Project Profile

Avatime NT | Avatime

Ghana Woman
Translator's Workstation

The homeland of the Avatime people is located in the mountainous southeastern region of Ghana, also known as the Southern Volta region. Primarily subsistence farmers, the Avatime also barter and sell extra produce to provide for additional needs. Village government is organized around a traditional chief system.

People of this region were introduced to Christianity about 100 years ago, and churches were established. But traditional religion, with spirit possession, is widely practiced alongside Christianity, and believers often mix the religious practices together.

God has called an experienced and well-qualified Ghanaian project manager who is committed to bringing Scripture to the Avatime in their heart language. Divine Mununkum was trained and worked with a Wycliffe team in a cluster of languages in northern Ghana that included his own mother tongue, a language that is related to Avatime. Access to Scripture in his own language has motivated him to reach out to other language groups in Ghana that are still waiting for translation.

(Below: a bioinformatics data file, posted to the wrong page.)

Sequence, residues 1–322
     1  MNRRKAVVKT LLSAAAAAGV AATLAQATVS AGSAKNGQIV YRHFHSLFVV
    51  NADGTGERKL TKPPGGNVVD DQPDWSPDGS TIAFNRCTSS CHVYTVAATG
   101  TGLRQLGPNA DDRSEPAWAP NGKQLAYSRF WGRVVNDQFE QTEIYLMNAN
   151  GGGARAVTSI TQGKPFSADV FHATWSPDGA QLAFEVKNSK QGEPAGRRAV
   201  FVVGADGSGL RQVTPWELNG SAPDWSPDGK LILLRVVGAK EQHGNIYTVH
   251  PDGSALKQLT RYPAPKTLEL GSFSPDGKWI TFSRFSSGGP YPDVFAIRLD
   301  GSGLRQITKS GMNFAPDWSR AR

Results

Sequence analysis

News from the Field
  • Dec17

    Avatime of Ghana

    The Avatime speakers live in the mountainous southeastern region of Ghana, also known as the Southern Volta region. The literacy rate of the Avatime is less than one percent. People of this region were introduced to Christianity about 100 years ago, and most churches are either Presbyterian or Roman Catholic. Less than 10 percent of the population attends church regularly, although an additional number are nominal Christians.

    Continue Reading

  • Jul03

    Avatime of Ghana

    The Avatime people are primarily subsistence farmers living in traditional settlements scattered in the mountainous southeastern region of Ghana also known as the southern Volta region. People here were introduced to Christianity about 100 years ago, and churches were established. But traditional religion, with spirit possession, is widely practiced alongside Christianity, and believers often mix the religious practices together.

    Continue Reading

 

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